While we do not want to discount our summer fishing, if no further floods of major proportion occur, fall fishing should be outstanding.

An overview of the 2015 fishing season

April 1st, 2015

Polly Kent's big speckled trout.

Polly Kent’s big speckled trout.

By Capt. Joe Kent

Anglers welcomed the arrival of April after a long, cold winter that kept all but the hardiest of fishermen off of the water.  

What effects did the long winter have on fishing and how does the rest of the year size up?  We will take a look at all of this as far as fishing goes around the Galveston Bay Complex.

While there is a lot of good fishing during the winter, the majority of anglers fishing the Galveston Bay area are warm water fishermen.  For that group April has been the key month to get back in the battle.

A survey of local fishing guides indicated that trout action during the first quarter of this year was excellent.  A good number of quality trout, including some trophy fish in excess of nine pounds, were landed.  That news should be encouraging to trout fishermen who overall complained about lower catches than normal during 2014.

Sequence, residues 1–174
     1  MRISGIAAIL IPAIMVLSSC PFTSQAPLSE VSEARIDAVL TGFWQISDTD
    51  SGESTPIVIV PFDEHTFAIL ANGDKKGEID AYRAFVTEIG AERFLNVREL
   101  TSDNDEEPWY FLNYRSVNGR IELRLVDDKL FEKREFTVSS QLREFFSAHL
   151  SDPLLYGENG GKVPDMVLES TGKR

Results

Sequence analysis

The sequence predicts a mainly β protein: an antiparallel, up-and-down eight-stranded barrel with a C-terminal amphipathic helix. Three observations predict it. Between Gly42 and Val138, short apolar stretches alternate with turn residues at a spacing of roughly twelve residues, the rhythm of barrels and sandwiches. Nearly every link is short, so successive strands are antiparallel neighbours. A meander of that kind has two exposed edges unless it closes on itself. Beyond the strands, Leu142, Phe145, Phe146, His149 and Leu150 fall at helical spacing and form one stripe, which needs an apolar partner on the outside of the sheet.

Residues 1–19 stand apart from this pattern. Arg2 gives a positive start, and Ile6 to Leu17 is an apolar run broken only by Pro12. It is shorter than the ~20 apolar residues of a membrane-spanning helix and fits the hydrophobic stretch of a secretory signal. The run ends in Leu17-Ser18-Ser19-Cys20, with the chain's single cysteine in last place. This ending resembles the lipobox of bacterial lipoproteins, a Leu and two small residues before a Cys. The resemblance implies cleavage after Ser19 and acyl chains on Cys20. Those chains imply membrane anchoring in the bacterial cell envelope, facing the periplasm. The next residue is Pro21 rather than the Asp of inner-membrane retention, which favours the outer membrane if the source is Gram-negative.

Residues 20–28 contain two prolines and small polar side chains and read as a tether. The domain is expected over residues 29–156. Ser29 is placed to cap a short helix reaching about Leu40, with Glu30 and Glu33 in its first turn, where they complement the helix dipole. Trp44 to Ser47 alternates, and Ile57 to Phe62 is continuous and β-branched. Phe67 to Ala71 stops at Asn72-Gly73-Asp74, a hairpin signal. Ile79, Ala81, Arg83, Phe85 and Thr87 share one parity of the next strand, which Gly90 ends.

Several of the guides said that some of the best action took place during terrible conditions as cold fronts were blowing through.  While for the most part late afternoon wade fishing offers the best action, the mornings of the cold front arrivals were the times to be fishing.

The sustained cold water should have offered a big boost to last fall’s flounder spawn.  Cold water helps sustain the young hatch as they make their way back to the bays.

Looking ahead to warmer weather, April is considered the start of the saltwater fishing season in that it is at some point during this month that we see the first sustained 70 degree temperature readings in the surf.